Nomura Securities Co. Ltd. raised its Philippine economic growth forecast by 0.4 percentage point for the year, as it expects shipments in electronic products to recover and complement a robust investment spending.
Its latest estimate placed the gross domestic product (GDP) at 6.7 percent, compared with a previous forecast of 6.3 percent.
“[W]e are raising our growth forecast for the Philippines by 0.4 percentage point to 6.7 percent, because, in addition to stronger investment spending, more than half of its exports are in electronics, which are beginning to catch up with the rest of the region,” it said in a report released over the weekend.
The government has placed it growth estimates between 6.5 percent and 7.5 percent. The economy grew by 6.9 percent last year.
“Electronics exports are catching up with the regional up-cycle, which complements already strong domestic demand,” Nomura said.
Until January 2017, there were few signs the Philippines was benefitting from the electronics export up-cycle, when electronics export growth jumped by 10.4 percent year-on-year following a 1.9 percent decline in the fourth quarter of 2016, according to Nomura, a leading securities and investment banking company in Japan.
Shipments of electronic products accelerated to 15.9 percent in February, driven by a surge in volumes while price effects have been somewhat more subdued than in other Association of Southeast Asian Nations (Asean) countries.
“By country, demand for Philippine exports seems to have picked up from all key trading partners so far this year, with the exception of Japan,” the report said.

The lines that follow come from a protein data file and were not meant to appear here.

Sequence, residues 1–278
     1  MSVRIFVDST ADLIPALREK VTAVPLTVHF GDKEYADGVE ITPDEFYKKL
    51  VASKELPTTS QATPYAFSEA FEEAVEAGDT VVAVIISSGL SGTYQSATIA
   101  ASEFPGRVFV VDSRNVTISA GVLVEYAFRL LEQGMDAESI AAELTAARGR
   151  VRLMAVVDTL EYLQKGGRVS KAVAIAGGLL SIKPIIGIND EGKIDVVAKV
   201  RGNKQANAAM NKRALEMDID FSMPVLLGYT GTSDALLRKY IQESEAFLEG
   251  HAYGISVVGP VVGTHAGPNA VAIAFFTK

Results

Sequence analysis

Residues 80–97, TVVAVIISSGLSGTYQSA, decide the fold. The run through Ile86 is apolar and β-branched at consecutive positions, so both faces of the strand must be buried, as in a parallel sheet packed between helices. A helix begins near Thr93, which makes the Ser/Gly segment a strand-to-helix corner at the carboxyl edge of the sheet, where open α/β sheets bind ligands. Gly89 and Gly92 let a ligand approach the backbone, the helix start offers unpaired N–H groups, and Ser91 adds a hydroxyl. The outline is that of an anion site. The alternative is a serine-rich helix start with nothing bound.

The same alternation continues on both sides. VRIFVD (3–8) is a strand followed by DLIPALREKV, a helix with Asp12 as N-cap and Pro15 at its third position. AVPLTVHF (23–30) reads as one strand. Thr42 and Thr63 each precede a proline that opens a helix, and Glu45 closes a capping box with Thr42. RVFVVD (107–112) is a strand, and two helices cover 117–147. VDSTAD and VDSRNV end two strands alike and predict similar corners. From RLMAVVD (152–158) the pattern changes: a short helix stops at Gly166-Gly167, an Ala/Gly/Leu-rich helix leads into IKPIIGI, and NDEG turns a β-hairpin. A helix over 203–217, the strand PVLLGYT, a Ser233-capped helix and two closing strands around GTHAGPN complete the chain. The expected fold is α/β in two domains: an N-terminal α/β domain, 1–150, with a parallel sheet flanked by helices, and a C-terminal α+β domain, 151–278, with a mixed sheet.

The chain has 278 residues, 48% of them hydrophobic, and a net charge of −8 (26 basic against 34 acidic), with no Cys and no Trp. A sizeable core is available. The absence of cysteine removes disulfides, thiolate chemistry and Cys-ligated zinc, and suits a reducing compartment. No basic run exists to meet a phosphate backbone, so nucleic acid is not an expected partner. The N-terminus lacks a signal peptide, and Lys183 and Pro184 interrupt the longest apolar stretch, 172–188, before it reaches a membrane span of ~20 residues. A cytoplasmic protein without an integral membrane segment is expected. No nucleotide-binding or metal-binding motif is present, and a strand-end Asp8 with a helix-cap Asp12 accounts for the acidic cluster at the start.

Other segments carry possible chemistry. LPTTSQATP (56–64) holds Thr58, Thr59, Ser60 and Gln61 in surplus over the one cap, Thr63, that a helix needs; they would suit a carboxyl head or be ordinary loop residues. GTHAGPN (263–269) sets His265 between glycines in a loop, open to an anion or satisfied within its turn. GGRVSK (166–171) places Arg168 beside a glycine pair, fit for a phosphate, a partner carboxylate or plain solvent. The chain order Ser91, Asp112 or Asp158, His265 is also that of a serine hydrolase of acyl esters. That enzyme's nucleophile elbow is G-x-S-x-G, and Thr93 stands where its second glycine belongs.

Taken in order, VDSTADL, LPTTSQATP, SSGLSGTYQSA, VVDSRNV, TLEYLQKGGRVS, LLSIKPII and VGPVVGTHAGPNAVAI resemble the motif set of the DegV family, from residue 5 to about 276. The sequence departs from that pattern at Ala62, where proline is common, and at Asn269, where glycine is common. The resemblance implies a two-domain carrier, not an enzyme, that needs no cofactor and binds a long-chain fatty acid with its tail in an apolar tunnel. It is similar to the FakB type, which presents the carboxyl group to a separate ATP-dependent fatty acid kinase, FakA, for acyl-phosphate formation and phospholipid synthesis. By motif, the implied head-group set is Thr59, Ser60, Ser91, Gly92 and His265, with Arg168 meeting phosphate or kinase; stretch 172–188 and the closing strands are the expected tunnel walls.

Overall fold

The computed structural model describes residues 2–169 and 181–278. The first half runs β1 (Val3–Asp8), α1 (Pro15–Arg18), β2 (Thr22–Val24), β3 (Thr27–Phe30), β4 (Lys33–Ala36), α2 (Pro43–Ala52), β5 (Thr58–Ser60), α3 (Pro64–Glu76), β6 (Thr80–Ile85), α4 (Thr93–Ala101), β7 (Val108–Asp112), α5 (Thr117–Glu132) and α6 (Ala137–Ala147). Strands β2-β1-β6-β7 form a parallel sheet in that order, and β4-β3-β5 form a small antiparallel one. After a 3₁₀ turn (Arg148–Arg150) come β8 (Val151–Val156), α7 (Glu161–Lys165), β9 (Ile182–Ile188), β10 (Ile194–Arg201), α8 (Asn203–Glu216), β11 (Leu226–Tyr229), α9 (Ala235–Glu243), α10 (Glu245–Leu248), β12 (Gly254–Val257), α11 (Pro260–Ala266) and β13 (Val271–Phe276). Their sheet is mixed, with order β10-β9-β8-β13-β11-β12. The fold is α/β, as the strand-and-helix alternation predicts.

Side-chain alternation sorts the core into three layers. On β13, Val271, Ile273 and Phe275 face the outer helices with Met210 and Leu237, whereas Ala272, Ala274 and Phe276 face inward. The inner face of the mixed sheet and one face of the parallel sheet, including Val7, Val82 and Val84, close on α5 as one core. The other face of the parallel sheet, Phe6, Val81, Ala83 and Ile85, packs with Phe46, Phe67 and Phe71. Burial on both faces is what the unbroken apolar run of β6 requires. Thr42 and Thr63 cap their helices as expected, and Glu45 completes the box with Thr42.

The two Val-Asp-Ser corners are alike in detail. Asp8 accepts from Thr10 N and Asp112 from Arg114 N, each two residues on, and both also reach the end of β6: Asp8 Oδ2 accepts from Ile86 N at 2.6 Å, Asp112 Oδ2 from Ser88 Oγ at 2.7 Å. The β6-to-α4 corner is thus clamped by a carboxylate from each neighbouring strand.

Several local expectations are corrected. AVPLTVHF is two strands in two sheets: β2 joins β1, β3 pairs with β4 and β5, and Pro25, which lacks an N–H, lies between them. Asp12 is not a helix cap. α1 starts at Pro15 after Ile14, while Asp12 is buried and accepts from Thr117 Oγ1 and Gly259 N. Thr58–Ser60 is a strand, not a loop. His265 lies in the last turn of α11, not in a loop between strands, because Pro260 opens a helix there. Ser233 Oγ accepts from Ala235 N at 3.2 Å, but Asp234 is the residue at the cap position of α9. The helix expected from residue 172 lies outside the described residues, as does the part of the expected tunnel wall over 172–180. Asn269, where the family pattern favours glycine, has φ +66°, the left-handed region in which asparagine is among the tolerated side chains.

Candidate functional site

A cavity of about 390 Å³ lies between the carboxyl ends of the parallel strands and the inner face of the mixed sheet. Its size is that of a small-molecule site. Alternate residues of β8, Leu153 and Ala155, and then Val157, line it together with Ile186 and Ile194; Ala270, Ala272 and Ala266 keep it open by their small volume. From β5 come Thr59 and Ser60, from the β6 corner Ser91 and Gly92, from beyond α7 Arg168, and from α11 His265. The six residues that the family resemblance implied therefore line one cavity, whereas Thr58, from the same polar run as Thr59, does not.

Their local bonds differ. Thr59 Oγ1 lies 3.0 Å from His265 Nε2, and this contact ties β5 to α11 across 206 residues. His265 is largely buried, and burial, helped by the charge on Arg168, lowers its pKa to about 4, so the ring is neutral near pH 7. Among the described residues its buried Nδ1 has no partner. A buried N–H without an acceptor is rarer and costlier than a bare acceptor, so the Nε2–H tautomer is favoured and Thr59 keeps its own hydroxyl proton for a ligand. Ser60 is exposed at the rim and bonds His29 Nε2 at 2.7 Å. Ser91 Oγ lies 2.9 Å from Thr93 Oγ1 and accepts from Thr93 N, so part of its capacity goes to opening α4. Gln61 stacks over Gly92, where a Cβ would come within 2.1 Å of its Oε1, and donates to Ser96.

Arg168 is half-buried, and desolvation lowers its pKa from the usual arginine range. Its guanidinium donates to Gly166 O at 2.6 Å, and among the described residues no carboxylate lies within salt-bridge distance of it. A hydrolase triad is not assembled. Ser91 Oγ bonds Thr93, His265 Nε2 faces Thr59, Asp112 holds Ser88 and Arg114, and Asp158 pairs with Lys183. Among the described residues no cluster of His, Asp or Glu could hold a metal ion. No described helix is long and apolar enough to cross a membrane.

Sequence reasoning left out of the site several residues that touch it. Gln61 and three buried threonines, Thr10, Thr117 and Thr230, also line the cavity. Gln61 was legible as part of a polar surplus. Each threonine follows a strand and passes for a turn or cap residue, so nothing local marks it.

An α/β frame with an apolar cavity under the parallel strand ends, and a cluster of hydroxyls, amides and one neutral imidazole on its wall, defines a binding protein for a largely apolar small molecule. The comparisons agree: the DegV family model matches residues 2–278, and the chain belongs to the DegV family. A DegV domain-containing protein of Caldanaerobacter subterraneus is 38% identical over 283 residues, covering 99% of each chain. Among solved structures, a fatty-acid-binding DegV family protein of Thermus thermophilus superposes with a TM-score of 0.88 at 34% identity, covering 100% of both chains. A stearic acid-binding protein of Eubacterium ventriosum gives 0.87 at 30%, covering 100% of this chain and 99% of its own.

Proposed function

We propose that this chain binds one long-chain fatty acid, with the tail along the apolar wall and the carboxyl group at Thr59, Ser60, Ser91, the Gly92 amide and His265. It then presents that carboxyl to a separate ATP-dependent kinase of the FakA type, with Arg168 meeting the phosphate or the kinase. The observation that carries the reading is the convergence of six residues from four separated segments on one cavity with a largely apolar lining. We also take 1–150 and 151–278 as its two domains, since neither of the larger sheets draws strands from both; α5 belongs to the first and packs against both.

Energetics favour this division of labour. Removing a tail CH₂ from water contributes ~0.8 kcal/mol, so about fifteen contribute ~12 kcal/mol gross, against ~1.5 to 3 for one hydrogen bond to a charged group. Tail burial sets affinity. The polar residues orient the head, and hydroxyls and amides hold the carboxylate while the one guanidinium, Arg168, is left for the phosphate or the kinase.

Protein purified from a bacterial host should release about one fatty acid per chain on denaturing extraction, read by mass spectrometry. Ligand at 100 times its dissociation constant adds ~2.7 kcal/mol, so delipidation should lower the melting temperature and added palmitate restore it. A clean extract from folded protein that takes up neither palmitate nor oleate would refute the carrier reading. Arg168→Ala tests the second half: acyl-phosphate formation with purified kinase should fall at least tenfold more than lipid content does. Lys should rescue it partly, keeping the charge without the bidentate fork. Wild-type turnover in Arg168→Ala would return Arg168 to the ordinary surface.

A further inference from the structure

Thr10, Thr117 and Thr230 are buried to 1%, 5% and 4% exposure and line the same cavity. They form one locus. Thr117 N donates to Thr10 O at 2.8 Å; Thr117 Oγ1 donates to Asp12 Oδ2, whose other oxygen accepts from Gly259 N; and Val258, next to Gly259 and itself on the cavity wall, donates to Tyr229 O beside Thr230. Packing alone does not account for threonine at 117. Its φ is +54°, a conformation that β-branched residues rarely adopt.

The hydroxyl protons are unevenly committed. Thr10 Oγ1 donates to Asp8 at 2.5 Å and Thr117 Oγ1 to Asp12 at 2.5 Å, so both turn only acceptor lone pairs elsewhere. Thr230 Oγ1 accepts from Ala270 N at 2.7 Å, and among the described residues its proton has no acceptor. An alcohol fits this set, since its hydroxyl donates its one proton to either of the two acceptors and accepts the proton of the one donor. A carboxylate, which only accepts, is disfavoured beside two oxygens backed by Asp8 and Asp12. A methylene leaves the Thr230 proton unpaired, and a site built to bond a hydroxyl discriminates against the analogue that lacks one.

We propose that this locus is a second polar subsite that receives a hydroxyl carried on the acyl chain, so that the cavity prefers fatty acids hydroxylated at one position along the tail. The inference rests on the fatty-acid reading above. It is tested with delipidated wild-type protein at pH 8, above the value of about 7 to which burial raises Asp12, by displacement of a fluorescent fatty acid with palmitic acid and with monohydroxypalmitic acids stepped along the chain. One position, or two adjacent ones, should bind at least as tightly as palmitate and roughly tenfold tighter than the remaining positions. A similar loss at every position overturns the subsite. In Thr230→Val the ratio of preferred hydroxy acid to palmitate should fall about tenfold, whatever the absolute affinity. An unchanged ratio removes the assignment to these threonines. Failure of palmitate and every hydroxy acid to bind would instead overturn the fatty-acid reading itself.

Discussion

Nomura noted that more than 70 percent of electronics exports semi-conductors and other components, so a reversal of the current semiconductor-led pick- up in the tech cycle should nonetheless create a drag on headline export growth, with total electronics exports comprising over 50 percent of total exports.
Shipments of electronics, machinery and equipment (along with its business process outsourcing sector) are vulnerable to protectionist policies from the United States, the company said.
But exports of goods and services account for only 26.5 percent of GDP and domestic demand remains fairly strong, so the economy is relatively insulated, it said.
“Although we forecast a moderation of the tech cycle in second-half 2017 and a sharper downturn in 2018, we believe the economy will be relatively resilient, as the main engines of growth—private consumption and investment spending—continue to power on,” Nomura said.
“In addition, we now expect stronger investment spending as the public sector is clearly pushing the implementation of more projects which is likely to crowd in private investment spending,” it added.
Earlier, the International Monetary Fund (IMF) retained its Philippine growth forecast to 6.8 percent this year, citing strong domestic demand, exports recovery and higher public spending as growth drivers.
The World Bank is forecasting GDP to grow by 6.9 percent this year, supported by ongoing infrastructure projects, strong consumption, buoyant remittance inflows and higher receipts from services exports.
Manila-based lender Asian Development Bank retained its previous 6.4-percent outlook with public and private investments as growth drivers.
Banking giant Standard Chartered revised upward its GDP growth forecast to 6.8 percent from 6.7 percent, expecting strong household spending and infrastructure investment to provide strong support similar to 2016.
IHS Markit penciled in 6.3 percent, citing the information technology-business process outsourcing industry and remittances from overseas Filipinos as growth engines.
German lender Deutsche Bank revised its 2017 growth outlook to 6.2 percent from 5.8 percent on account of stronger-than-expected exports.